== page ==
The cost of freezing your eggs ranges from around $5,000 to $10,000. However, that doesn’t include additional fees related to storage, medication during egg retrieving cycles, and IVF when you’re ready to use the eggs.

Because egg freezing is usually deemed an elective procedure, it’s tough to find an insurance policy that covers it. However, it’s possible that insurers may cover parts of the cost; and in some states, including Massachusetts, insurance companies are legally obligated to offer at least some coverage for fertility treatments. For example, diagnostic testing and physician consultation will often be covered, even though cryopreservation may not. 

Check in with your insurer about what coverage you can expect. If it looks like you’ll be shouldering most of the costs without the help of insurance, you can try to find a fertility clinic that offers an installment payment plan for patients who can’t pay up-front. Another option is to take out a personal loan for this purpose. Depending on your credit, you may get a better rate and terms on a loan from a financial institution, rather than signing up for financing directly from the fertility clinic.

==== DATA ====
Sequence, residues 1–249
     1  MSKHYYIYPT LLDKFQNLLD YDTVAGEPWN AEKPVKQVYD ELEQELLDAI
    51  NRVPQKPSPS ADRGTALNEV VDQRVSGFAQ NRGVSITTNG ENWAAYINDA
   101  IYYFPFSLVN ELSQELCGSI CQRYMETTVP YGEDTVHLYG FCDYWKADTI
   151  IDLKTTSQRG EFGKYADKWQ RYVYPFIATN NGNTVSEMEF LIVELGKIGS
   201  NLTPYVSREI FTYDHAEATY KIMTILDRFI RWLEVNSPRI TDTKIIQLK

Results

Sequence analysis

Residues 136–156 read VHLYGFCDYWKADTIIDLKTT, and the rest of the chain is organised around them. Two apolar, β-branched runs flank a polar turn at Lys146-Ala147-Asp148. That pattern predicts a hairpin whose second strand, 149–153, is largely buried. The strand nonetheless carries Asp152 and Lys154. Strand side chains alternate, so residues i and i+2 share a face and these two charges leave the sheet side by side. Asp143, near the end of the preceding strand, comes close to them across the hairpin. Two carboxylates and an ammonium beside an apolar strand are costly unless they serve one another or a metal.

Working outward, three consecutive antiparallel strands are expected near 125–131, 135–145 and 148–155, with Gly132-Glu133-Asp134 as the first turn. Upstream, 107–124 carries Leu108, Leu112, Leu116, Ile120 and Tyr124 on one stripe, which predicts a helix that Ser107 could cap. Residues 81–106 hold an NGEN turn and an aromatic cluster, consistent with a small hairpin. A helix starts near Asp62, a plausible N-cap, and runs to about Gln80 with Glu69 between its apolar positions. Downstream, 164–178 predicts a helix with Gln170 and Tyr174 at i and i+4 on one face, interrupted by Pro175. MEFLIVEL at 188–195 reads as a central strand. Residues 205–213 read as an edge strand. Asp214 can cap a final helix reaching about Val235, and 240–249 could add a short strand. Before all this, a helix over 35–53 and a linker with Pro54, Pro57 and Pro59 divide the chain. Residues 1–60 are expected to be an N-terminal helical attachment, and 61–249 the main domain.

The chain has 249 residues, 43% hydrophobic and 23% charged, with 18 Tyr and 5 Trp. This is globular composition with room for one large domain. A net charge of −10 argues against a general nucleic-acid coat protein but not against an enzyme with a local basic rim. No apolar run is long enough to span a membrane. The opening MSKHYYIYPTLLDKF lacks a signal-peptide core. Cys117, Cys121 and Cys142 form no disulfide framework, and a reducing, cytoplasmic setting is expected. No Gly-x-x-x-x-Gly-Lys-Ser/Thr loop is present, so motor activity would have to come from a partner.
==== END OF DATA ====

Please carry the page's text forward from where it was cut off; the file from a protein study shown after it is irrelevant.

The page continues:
• Breast Reduction

Breast reduction is typically covered by insurers when it is deemed medically necessary. This may mean that you need to prove that you are experiencing headaches, back pain and so on, and that other therapeutic interventions such as physical therapy haven’t worked.

Without insurance, the cost of breast reduction surgery runs just under $6,000. Again, it may be possible to arrange for an installment payment plan, depending on your clinic. If you’re not able to save up the required funds and wish to have the surgery right away, a credit card or personal loan can help you pay for this procedure—but be mindful of interest rates, and come up with a workable pay-back plan to reduce your overall cost.

Tags: Budgeting, Insurance